CD wasn't what I was expecting... But in a good way. I'd predicted something
a little noisier, but while "The Cursed Species" is far from
being ambient, it certainly holds more surprises and covers a broader
musical range than your typical rhythmic-noise or breakcore outing. The
influence is there alright, but the overall sound is much more organic.
Hell, some of the beats almost sound like they came from real drums. I
mean, they didn't, but they could have done, if the drummer had six arms
and was animated by means of a complex arrangement of levers and pulleys.
The marriage of the biological and the mechanical is reflected in the
beautiful packaging, which features collaged anatomical engravings of
skeletal machine-creatures, all rendered in earthy parchment tones with
a cursive font. Very classy.
Going for upbeat head-candy rather than club-driven monotony, Cdatakill's
Zak Roberts gets his kicks weaving gradually-mutating rhythms and synthesiser
patterns through dirty scraps of unplaceable sounds and mangled vocals.
Quite often he hits a pretty impressive pace, particularly on the warped
electro of 'Reclamation Song' and the vaguely jungle-flavoured
'Graceless'. But the notional crowd is too confused to dance;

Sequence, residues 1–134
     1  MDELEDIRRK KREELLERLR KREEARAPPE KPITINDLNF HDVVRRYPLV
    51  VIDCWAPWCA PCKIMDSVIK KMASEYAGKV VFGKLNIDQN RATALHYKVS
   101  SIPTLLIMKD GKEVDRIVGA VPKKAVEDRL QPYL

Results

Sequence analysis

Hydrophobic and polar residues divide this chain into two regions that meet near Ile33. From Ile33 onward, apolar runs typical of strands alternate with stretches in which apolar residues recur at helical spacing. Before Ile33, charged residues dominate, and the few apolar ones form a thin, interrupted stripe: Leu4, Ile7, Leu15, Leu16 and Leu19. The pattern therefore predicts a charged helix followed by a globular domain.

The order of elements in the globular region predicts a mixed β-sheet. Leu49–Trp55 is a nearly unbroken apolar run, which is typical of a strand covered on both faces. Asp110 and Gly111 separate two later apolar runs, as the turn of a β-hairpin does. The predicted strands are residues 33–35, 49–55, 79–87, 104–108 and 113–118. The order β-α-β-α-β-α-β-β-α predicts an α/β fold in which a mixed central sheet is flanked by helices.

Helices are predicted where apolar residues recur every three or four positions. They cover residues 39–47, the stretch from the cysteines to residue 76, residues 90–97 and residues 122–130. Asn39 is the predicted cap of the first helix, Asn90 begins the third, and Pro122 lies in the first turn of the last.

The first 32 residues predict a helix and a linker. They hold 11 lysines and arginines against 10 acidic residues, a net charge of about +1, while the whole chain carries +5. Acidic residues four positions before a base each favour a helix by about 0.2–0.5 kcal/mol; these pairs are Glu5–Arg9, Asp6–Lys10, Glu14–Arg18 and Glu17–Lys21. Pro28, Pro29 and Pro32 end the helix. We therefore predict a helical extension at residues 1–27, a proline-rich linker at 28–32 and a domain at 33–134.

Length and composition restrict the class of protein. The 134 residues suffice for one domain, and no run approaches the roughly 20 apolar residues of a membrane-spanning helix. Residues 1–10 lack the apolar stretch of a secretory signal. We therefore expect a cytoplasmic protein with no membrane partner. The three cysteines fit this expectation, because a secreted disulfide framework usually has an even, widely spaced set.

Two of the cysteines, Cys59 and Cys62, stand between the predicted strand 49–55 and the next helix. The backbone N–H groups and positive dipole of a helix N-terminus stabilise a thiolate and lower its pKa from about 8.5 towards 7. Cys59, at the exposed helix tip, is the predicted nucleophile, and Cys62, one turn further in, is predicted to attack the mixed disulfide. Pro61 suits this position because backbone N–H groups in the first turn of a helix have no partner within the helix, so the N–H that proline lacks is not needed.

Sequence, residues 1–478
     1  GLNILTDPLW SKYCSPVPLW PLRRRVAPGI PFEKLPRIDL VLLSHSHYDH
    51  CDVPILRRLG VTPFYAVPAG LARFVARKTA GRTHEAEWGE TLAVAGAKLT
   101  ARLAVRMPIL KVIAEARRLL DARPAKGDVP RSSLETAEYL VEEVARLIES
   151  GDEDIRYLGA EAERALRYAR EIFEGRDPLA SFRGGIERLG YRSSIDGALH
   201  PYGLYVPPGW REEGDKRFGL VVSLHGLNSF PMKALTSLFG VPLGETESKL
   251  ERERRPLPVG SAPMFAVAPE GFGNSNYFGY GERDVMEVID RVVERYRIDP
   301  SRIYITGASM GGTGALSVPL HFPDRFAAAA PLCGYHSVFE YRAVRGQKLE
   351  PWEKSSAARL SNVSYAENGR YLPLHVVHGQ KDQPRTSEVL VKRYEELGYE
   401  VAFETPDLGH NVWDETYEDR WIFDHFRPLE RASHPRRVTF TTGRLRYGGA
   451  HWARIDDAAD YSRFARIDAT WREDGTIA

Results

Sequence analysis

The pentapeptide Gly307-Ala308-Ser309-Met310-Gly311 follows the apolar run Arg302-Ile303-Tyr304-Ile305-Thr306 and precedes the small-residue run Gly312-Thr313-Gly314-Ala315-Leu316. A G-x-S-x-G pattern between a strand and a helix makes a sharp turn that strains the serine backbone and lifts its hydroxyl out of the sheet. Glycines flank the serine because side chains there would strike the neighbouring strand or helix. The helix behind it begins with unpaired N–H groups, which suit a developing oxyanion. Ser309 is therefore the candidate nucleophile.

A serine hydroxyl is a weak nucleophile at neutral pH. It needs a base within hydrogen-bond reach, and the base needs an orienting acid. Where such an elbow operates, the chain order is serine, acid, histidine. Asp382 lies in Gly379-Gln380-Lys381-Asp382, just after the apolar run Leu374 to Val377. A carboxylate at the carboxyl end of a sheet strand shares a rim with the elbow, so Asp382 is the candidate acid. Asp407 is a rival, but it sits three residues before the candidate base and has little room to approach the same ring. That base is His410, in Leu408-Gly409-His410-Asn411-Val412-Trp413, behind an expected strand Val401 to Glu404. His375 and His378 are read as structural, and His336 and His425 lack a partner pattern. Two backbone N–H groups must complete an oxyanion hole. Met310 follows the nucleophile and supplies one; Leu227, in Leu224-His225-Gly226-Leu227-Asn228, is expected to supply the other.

I'm not kidding about unpredictability. I'd listened to the CD several
times on my walkman before I realised it was skipping on a couple of the
tracks. I thought it was done intentionally for effect. Here and there
the chaos does get out of control, with beats slipping out of time with
each other in a way that sounds more like a mistake than a bold attempt
to explore the limitations of traditional approaches to rhythm.
Credit where credit's due though, there are some interesting experiments
with song construction on this album. I get the impression some of it
is improvised electronically over a pre-programmed structure, perhaps
with the aid of arpeggiators and realtime MIDI controllers. The music
progresses in an evolutionary manner, by and large, with several songs
sounding quite different by the time they come to an end - an approach
skilfully touted by Exclipsect recently. However it has to be said that
for my money, the most memorable tracks are 'Reclamation Song',
and the closing number 'A Death Worth Reliving', an eerie adventure
in sinister ambience, both of which are at the more internally-consistent
end of the scale. Comparisons with Black Lung and earlier Download are
in order, and it's perhaps telling that both of those bands have always
known that chaos begets order, and that a little control goes a long way.